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Homework Help: Find the nth term

  1. Apr 17, 2005 #1
    I've got a very tricky question on my hands.

    A set of integers are grouped as follows

    [tex] (1), (2,3,4), (5,6,7,8,9),..., [/tex] until the nth bracket.

    I have found the total integers in the first (n-1) brackets and it is [tex] (n-1)^2 [/tex]. The next part of the question is to show that the first number in the first term in the nth bracket is [tex] n^2-2n+2 [/tex]. What i did was to first write out the sequence representing the first term in each bracket,

    [tex] 1,2,5,10,17,...[/tex]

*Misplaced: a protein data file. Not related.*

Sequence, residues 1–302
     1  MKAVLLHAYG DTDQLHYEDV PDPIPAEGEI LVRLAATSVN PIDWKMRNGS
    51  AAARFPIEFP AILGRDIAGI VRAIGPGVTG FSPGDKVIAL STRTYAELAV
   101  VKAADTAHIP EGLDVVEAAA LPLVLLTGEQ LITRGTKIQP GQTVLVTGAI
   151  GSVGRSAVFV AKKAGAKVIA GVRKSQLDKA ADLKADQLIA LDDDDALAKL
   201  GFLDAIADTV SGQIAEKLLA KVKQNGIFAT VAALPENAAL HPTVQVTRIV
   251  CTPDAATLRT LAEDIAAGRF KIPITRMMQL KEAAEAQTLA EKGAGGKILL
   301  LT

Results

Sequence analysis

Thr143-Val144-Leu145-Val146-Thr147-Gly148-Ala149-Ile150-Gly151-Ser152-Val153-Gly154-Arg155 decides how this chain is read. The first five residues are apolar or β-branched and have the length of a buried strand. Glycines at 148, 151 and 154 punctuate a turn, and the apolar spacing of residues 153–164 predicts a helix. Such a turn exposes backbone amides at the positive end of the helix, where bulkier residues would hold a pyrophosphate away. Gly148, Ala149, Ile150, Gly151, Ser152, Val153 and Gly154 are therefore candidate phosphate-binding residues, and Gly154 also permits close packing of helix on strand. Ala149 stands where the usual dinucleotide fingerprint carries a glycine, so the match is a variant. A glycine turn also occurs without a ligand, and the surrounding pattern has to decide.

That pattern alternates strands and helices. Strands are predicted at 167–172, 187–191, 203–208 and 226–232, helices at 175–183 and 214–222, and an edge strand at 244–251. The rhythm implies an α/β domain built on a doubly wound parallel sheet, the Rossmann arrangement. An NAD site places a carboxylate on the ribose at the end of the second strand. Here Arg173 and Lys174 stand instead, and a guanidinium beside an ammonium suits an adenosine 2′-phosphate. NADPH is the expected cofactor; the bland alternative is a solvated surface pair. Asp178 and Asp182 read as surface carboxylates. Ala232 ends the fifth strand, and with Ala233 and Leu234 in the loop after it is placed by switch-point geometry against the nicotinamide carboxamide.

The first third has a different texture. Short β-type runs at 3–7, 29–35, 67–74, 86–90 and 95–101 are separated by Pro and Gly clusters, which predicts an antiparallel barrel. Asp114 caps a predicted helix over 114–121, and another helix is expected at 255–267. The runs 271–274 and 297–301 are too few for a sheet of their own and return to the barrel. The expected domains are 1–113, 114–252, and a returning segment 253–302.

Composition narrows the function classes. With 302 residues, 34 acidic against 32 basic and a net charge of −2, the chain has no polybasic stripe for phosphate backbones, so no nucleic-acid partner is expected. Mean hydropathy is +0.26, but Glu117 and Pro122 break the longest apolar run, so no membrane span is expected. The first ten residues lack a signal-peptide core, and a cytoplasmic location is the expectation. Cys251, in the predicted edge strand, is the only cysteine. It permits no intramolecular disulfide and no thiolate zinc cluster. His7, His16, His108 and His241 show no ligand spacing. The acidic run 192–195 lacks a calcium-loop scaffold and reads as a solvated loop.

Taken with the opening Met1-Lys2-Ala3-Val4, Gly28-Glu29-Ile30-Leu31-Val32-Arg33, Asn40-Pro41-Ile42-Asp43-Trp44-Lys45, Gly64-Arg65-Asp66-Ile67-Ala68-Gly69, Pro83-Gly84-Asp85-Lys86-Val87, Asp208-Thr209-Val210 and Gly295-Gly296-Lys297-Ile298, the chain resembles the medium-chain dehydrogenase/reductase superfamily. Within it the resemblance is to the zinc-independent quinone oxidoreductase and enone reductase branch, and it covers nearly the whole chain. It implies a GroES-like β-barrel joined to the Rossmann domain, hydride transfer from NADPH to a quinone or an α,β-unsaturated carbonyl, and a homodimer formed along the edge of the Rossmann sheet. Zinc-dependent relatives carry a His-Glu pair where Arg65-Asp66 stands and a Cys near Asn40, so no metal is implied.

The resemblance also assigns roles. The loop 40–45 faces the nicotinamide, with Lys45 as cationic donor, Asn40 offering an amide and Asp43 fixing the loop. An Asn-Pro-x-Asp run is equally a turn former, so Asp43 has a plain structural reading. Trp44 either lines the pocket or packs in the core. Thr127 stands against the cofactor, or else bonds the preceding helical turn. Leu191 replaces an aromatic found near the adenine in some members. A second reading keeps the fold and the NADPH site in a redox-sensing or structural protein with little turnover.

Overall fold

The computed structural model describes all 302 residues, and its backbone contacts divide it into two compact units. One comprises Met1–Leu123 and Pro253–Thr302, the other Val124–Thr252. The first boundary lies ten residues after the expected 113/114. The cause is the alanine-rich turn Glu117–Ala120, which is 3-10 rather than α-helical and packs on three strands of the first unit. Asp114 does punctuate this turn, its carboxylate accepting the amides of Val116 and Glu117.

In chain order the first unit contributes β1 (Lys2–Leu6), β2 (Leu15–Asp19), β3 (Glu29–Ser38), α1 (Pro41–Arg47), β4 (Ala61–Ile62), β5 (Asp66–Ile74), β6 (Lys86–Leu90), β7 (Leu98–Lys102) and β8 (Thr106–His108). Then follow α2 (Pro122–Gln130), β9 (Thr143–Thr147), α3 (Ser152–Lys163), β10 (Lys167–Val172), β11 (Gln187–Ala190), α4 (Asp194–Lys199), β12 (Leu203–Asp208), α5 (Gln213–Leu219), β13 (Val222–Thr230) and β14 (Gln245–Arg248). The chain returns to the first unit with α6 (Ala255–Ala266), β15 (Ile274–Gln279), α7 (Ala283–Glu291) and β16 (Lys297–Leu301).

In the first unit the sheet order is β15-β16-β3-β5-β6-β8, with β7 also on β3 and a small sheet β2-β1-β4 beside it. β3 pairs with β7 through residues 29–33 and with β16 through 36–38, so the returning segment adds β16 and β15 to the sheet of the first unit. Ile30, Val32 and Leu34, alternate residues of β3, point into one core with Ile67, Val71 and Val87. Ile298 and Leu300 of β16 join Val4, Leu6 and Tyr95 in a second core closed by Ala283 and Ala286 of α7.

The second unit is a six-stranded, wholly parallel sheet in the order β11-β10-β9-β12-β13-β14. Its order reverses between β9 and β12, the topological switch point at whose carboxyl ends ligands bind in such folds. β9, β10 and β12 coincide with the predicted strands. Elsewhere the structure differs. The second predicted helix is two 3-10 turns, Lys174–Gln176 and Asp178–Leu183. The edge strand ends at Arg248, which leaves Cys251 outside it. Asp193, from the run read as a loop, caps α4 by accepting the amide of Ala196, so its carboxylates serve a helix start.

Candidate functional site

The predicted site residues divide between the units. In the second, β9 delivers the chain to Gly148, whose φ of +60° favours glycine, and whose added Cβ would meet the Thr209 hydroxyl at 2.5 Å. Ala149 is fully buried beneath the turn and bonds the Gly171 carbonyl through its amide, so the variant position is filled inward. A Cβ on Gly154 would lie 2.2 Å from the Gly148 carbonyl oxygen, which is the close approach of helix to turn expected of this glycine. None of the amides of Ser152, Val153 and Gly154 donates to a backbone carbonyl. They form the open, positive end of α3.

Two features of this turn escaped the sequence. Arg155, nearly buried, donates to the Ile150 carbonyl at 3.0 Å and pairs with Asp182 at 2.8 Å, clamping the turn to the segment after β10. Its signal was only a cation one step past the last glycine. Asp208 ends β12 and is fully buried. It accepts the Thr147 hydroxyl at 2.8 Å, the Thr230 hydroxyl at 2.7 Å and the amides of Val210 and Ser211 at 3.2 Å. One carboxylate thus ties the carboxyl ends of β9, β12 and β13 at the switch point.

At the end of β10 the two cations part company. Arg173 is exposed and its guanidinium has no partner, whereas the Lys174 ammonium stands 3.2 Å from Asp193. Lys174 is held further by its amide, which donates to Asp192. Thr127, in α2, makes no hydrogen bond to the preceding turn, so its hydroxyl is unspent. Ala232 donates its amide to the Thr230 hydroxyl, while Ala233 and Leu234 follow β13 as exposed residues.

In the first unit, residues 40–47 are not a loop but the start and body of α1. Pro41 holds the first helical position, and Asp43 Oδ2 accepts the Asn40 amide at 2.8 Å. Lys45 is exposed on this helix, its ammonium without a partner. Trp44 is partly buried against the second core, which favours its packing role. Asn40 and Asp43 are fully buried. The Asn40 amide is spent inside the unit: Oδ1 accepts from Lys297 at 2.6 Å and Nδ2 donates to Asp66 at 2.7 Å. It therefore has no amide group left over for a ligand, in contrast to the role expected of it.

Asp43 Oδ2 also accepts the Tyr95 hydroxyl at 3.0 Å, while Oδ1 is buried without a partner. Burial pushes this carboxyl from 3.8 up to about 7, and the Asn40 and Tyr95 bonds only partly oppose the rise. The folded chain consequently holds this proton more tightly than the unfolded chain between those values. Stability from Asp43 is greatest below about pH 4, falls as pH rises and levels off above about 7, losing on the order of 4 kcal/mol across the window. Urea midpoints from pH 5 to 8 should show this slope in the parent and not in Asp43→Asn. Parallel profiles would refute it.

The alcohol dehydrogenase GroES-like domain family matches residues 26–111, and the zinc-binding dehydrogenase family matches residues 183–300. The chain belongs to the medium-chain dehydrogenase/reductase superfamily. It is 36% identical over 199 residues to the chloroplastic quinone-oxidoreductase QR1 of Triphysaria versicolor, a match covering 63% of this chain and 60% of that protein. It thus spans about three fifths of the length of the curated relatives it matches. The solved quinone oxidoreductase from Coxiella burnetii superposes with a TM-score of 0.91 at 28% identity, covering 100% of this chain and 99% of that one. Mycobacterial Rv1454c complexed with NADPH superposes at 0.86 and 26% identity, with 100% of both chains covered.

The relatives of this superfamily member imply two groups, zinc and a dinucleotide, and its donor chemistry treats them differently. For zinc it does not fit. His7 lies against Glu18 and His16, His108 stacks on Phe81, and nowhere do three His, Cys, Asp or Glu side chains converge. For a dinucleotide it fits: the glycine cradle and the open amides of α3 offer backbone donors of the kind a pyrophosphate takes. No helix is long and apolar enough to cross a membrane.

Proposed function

but i can't seem to find any pattern with this sequence but have only seen that their difference is an arithmetic progression. How do I go about this question?
     
  2. jcsd
  3. Apr 17, 2005 #2

    quasar987

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    You hardly have to show this. There are (n-1)² terms contained in the first (n-1) brackets. So the LAST term of the (n-1)th bracket is the number (n-1)². This makes the first term of the nth bracket (n-1)² + 1 = n² - 2n +2
     
  4. Apr 17, 2005 #3

    dextercioby

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    And that sequence of #-s [itex] 1,2,5,10,17,26,... [/itex] can be described by

    [tex] a_{n+1}=a_{n}+2n-1 [/tex]

    Daniel.
     
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